Evanston Audiology - Evanston, IL

Woman protects her hearing with ear muffs while doing yardwork.

Safeguarding your hearing is similar to eating the right way. It sounds smart, but not many of us have a good concept of where to start. This is particularly true if you don’t think your daily environment is very noisy and there aren’t any apparent risks to your ears. But daily life can stress your ears and your senses, so your auditory acuity can be preserved if you practice these tips.

If you want to keep enjoying the sounds around you, you should do everything you can to impede down the impairment of your hearing.

Tip 1: Hearing Protection You Can Wear

The most simple and practical way that you can safeguard your hearing is to protect your ears. This means that reducing loud and dangerous sound is a basic step you need to take.

For most people, this will mean utilizing hearing protection when it’s called for. Two general forms of protection are available:

  • Ear Muffs, which are placed over the ears.
  • Ear Plugs, which are put in the ear canal.

Neither form of hearing protection is inherently better than the other. Each type has its advantages. What’s significant is that you get some hearing protection that you feel comfortable with.

Tip 2: When Sound Becomes Harmful, be Aware of It

But how can you tell when to use hearing protection? We’re used to connecting dangerous noise with painful noise. But much lower volumes of sound can injure your ears than you might believe. The sounds of traffic, for instance, are loud enough to start damaging your hearing after only a couple of hours. An important step in protecting your hearing, then, is recognizing when sound becomes dangerous.

The following threshold is when sound becomes harmful:

  • 85 decibels (dB): After about two hours this level of sound is hazardous.This is the level of sound you’d expect from a busy city street or your hairdryer.
  • 95-100 dB: This is the typical level of your earbuds or the level of farm equipment. This level of sound becomes damaging after 15-20 minutes.
  • Over 100 dB: Your ears can be very quickly injured by this. Damage is done in about thirty seconds with sounds above this threshold. As an example, jet engines and rock concerts will injure your ears in 30 seconds.

Tip 3: Use Your Phone as a Sound Meter

Now that we have a general understanding of what levels of noise could be harmful, we can take some precautions to ensure we minimize our exposure. The trick is that, once you’re out in the real world, it can be hard to gauge what’s too loud and what isn’t.

That’s where your smartphone can become a handy little tool. There are dozens of apps for iPhone, Android, and everything in between that turn your device’s microphone into a sound meter.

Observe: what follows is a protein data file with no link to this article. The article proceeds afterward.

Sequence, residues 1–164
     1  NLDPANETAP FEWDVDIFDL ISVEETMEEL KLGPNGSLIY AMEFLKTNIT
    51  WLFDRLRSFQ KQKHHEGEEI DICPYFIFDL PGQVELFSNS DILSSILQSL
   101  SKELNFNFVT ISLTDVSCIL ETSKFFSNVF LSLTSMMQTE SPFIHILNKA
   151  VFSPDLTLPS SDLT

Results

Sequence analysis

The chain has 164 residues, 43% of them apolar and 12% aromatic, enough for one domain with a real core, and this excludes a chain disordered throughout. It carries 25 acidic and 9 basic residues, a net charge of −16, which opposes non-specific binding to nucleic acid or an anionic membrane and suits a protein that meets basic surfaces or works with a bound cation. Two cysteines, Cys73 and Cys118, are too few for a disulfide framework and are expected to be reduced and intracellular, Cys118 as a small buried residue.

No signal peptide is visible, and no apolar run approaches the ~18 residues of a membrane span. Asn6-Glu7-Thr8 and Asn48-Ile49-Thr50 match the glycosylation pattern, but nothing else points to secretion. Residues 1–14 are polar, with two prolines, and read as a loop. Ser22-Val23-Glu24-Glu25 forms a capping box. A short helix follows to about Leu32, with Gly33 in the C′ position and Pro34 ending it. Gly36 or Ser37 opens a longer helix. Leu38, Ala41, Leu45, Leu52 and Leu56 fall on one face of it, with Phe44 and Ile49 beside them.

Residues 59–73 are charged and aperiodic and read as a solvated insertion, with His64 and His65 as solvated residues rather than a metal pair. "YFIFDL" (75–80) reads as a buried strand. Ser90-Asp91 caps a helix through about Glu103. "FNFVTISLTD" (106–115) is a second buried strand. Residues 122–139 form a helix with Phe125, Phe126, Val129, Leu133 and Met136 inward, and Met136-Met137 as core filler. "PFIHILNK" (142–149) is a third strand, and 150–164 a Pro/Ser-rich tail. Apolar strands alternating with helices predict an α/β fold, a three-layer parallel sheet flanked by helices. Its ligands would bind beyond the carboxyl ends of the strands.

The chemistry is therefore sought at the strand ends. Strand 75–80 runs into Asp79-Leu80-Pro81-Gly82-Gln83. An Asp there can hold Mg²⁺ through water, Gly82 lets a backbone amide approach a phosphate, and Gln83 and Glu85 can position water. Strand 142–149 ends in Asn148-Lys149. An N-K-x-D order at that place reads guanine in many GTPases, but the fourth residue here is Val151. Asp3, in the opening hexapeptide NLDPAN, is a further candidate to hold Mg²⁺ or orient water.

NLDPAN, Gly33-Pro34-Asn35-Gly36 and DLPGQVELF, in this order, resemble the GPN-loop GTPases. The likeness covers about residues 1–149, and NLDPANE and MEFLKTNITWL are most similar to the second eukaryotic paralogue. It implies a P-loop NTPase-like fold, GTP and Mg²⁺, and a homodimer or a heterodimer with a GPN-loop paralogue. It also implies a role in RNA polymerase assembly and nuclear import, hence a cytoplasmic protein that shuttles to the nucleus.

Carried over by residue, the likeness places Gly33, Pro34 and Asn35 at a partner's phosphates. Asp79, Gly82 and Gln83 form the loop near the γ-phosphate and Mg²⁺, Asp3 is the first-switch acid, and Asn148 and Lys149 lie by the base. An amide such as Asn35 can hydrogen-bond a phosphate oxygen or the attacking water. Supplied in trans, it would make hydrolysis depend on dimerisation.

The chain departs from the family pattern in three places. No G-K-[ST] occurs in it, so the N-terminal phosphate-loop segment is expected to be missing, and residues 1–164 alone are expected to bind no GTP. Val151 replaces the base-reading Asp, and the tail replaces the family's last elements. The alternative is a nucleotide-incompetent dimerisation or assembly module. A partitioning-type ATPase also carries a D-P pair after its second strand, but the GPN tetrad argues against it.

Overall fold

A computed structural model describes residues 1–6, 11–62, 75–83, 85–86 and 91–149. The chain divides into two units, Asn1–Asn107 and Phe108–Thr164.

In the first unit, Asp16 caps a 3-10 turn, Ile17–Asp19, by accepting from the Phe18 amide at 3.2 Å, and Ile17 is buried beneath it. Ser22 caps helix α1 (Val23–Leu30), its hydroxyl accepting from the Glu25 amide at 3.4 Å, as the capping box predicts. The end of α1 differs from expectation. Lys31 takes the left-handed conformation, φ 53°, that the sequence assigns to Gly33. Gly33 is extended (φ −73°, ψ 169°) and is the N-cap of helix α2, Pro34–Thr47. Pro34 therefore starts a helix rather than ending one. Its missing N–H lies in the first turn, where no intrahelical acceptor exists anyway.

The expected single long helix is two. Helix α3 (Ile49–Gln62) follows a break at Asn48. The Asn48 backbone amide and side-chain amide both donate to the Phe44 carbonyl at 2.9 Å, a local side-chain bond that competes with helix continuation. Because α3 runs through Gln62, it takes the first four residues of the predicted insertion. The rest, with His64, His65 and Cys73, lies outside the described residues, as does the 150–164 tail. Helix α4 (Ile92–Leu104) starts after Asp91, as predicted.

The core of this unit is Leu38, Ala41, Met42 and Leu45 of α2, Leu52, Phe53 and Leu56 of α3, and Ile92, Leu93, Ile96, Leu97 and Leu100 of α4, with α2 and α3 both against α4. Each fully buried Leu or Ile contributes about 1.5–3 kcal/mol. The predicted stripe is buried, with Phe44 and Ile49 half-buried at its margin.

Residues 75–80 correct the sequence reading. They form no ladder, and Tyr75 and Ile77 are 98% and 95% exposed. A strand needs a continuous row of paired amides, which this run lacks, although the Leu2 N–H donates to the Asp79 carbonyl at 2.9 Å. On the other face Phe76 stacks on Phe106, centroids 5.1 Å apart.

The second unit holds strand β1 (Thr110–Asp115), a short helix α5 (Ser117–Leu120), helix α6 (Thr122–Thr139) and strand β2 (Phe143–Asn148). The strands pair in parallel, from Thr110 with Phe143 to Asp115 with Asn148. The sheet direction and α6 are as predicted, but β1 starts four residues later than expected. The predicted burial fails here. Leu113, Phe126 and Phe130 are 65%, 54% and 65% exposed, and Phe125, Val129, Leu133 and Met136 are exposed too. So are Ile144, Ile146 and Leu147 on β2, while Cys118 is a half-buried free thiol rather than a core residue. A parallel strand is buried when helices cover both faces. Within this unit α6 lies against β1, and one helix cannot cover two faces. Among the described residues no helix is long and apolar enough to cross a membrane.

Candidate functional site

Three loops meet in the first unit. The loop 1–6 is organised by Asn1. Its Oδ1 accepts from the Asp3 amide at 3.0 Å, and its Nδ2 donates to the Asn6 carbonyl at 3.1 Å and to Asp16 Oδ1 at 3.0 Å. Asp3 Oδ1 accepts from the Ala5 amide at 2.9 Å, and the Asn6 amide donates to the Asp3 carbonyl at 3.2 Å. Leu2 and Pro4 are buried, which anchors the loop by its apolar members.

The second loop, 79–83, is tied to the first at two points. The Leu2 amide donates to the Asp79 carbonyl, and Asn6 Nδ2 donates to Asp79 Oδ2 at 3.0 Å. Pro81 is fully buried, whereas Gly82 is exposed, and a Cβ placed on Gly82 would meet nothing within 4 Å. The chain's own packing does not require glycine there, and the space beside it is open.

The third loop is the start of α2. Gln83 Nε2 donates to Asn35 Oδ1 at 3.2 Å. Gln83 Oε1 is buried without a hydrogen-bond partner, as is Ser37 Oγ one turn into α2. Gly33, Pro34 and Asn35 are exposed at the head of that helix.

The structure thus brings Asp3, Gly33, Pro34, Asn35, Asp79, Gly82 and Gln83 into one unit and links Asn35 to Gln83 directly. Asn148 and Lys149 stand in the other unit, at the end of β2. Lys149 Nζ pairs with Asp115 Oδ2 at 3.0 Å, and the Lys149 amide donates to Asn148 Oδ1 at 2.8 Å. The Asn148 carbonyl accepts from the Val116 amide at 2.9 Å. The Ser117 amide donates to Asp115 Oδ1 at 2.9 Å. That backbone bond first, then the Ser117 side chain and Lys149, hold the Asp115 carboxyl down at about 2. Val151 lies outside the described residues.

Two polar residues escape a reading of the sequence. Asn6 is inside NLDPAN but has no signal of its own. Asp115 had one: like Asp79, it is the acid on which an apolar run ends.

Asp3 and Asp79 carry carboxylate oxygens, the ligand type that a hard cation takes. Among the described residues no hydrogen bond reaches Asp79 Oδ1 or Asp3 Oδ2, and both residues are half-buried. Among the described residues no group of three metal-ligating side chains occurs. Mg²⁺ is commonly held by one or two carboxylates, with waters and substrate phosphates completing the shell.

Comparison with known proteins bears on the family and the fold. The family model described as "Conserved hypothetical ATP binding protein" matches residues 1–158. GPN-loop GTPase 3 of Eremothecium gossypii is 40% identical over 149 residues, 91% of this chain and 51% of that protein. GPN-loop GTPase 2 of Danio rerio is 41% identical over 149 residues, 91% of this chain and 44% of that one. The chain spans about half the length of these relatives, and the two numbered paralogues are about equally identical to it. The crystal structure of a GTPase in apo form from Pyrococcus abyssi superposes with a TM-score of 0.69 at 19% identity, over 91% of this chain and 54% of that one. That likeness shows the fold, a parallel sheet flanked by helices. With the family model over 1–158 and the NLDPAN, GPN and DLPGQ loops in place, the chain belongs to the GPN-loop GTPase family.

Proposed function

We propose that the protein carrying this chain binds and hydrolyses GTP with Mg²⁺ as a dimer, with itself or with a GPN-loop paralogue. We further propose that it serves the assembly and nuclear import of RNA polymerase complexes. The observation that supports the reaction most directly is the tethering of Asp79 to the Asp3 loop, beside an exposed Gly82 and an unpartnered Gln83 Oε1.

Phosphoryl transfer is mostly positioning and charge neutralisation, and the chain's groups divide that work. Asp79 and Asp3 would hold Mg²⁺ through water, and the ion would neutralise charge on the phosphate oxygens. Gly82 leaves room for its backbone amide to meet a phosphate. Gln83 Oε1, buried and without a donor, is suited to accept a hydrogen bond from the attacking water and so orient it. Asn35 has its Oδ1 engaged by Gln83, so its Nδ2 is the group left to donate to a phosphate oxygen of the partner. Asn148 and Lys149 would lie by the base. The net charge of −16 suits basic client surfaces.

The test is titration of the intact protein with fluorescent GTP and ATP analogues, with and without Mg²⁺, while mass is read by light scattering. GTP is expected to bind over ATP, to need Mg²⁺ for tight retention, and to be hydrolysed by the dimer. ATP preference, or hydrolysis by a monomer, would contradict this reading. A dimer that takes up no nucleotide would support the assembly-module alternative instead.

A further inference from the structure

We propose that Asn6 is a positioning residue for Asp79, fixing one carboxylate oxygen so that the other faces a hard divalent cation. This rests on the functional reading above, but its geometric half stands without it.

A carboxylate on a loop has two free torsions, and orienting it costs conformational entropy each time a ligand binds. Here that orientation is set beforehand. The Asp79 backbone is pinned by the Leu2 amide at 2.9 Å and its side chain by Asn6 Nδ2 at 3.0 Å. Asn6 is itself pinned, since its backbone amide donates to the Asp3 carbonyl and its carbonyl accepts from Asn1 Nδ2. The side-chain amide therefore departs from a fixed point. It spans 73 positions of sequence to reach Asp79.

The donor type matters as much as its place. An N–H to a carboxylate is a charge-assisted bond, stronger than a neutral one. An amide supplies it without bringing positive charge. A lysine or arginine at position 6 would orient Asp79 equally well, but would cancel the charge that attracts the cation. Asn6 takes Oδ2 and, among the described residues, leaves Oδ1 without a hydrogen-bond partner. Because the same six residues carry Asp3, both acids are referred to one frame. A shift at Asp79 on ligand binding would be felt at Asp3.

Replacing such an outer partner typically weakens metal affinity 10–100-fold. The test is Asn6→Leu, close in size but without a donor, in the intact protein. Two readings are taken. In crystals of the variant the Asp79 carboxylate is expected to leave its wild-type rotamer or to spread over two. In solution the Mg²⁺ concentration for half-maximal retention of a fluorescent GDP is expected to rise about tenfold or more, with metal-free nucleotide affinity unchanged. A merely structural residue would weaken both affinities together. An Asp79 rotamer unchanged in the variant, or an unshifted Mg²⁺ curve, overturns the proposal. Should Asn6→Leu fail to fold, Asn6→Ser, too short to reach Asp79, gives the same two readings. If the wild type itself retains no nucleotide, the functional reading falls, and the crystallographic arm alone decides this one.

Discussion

In order to get an understanding of what harmful levels of noise actually sound like, use your sound meter to confirm the decibel level of everything you are hearing.

Tip 4: Be Mindful of Your Volume Buttons

A smartphone with earbuds is normally the way people listen to music these days. Your hearing is put in danger with this combination. Your hearing can be significantly harmed if you set your earbuds to high over a long period of time.

That’s why safeguarding your ears means keeping a focused eye on your volume management. You should not raise the volume in order to drown out sounds elsewhere. And we suggest using apps or configurations to ensure that your volume never accidentally become dangerously high.

If your hearing begins to decline, earbuds can become a negative feedback loop; you could find yourself consistently raising the volume of your earbuds in order to compensate for your faltering hearing, and in the process doing more harm to your hearing.

Tip 5: Have Your Hearing Tested

You might think of a hearing exam as something you get when your hearing has already begun to decline. Without a standard to compare results to, it’s not always easy to identify a problem in your ears.

Scheduling a hearing screening or exam is a great way to generate data that can be used for both treatment and diagnostic purposes, ensuring that all of your future hearing (and hearing protection) choices have some added context and information.

Pay Attention to Your Hearing

It would be perfect if you could always protect your ears without any issues. But challenges are always going to be there. So protect your ears when you can, as often as you can. Also, get routine hearing examinations. Put these suggestions into practice to improve your chances.

The site information is for educational and informational purposes only and does not constitute medical advice. To receive personalized advice or treatment, schedule an appointment.
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